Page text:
E: [email protected] T: 01892 521595

The ‘difficult’ events of Good Friday

Recent News:

Blog - The ‘difficult’ events of Good Friday

Friday 18 April 2014

This is a strange and poignant day, and traditionally in this country a quiet one. It is some years since for many Good Friday became a ‘normal’ shopping day, and, advocate as I normally am for healthy economic activity, I do think it is a matter of regret that it is now much harder to ‘feel’ the difference between Good Friday and any other holiday day.

Having said that, there have been some welcome positive contributions in the media on the theme of Christianity, in particular from the Prime Minister.  He wrote a widely reported article for the Church Times (http://www.churchtimes.co.uk/articles/2014/17-april/comment/opinion/my-faith-in-the-church-of-england)  which talks in warm terms about the role and contribution of the Church and Christianity not just to society but to the lives of believers, even those who might consider themselves to be less than ardent Christians.  Despite the sometimes strained relationship between the churches and the government of late, it is encouraging to see this recognition of the contribution of faith to our national and individual lives.

The article particularly makes reference to our need to be “more ambitious about expanding the role of faith-based organisations”, and given the importance of the churches, and the Church of England in particular, in providing education, and the contribution of people of faith to it, one must assume that this means a continued encouragement for the involvement of the Church in the sponsoring and running of schools.  Indeed, later in the article, David Cameron notes that “my children benefit from the work of a superb team in an excellent Church of England school”, as will of course Michael Gove’s daughter in September.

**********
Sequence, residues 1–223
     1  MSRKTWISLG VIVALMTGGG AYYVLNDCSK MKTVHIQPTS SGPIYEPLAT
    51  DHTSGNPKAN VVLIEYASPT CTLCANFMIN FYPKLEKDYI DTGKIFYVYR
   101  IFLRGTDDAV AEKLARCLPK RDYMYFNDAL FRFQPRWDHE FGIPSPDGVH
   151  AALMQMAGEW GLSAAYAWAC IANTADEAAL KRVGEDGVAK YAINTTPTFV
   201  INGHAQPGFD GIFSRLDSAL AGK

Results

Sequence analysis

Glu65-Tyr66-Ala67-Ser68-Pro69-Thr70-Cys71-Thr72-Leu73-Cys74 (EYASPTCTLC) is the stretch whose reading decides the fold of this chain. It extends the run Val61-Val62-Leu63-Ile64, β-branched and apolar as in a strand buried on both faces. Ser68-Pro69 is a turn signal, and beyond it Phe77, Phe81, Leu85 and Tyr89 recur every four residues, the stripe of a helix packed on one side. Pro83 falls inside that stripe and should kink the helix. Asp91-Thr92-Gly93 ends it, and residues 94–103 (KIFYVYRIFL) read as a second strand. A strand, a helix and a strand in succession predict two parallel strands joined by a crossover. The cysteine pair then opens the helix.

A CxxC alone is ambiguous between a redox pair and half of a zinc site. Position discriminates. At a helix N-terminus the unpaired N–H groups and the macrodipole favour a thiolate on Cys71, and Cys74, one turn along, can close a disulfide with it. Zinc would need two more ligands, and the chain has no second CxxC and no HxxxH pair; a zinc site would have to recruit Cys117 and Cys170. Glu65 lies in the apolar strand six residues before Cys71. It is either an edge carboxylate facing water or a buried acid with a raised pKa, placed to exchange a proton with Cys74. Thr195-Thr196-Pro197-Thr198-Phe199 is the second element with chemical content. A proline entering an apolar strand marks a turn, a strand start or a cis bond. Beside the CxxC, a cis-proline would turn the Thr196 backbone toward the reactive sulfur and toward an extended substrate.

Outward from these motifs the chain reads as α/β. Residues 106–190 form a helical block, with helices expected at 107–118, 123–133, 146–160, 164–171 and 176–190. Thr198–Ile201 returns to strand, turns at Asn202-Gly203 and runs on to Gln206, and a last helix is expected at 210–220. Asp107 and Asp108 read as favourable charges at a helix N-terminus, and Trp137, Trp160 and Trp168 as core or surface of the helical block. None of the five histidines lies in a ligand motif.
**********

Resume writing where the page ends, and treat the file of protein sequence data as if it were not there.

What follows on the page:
Welcome as the Prime Minister’s article is, I cannot help remarking that it is very focused, perhaps understandably from a politician, on the altruistic values and virtues which Christian faith inspires: “responsibility, hard work, charity, compassion, humility”.  Nothing wrong with any of those, of course.  However, I would want to say, on Good Friday above all days, that one needs to go deeper than this in an appreciation of what Christianity actually is.  The source of that self-giving altruism which makes such an important contribution is, of course, a faith in a living and self-giving God.  Awkward and un-English as it may seem to talk about such things, without that faith at its heart, Christianity becomes a kind of  ‘Christianity-lite’, a set of worthy principles, but without a reference point, without a well-spring.

David Cameron notes that he is not one for “doctrinal purity” and says that those who are not Christians can lead moral lives (and one might add those who are can, sometimes, lead very immoral lives).  However, I would want to say that even in our apparently secular age, the ‘modern’ values on which our Western civilisation is built – equality, the dignity of each person, the value of each human life – we owe directly to the Christian message of the ‘lovableness’ of every person, however errant, by God.  The ancient societies into which Christianity was born held no such view, and arguably it took the best part of two millennia, with lots of backslidings along the way, for that insight to mature and to suffuse our civilization.  There is no guarantee we would have got there without Christianity. Christianity is, in one way at least, in our social DNA, like it or not.

However, that source of all we value and take for granted in our enlightened Western civilization is fragile.  Without the anchor point which Christian faith provides, I think there is a real danger of what I would call ‘values drift’, and such a drift would take us into dangerous territory.  We already see glimpses of it on issues to do with the value of each human life.

So a resounding ‘yes’ to the Prime Minister’s welcome for the role of Christianity and the churches in our national, local and individual lives, and a welcome to his call for us to be more confident in our Christian identity.  But we need also a reminder that what he refers to as the “more difficult parts of the faith” – which perhaps include the really very ‘difficult’ events of the first Good Friday – are the heart of Christianity from which the values, virtues and good works spring, and the reference point for our collective morality.  We ignore them at our peril.


Top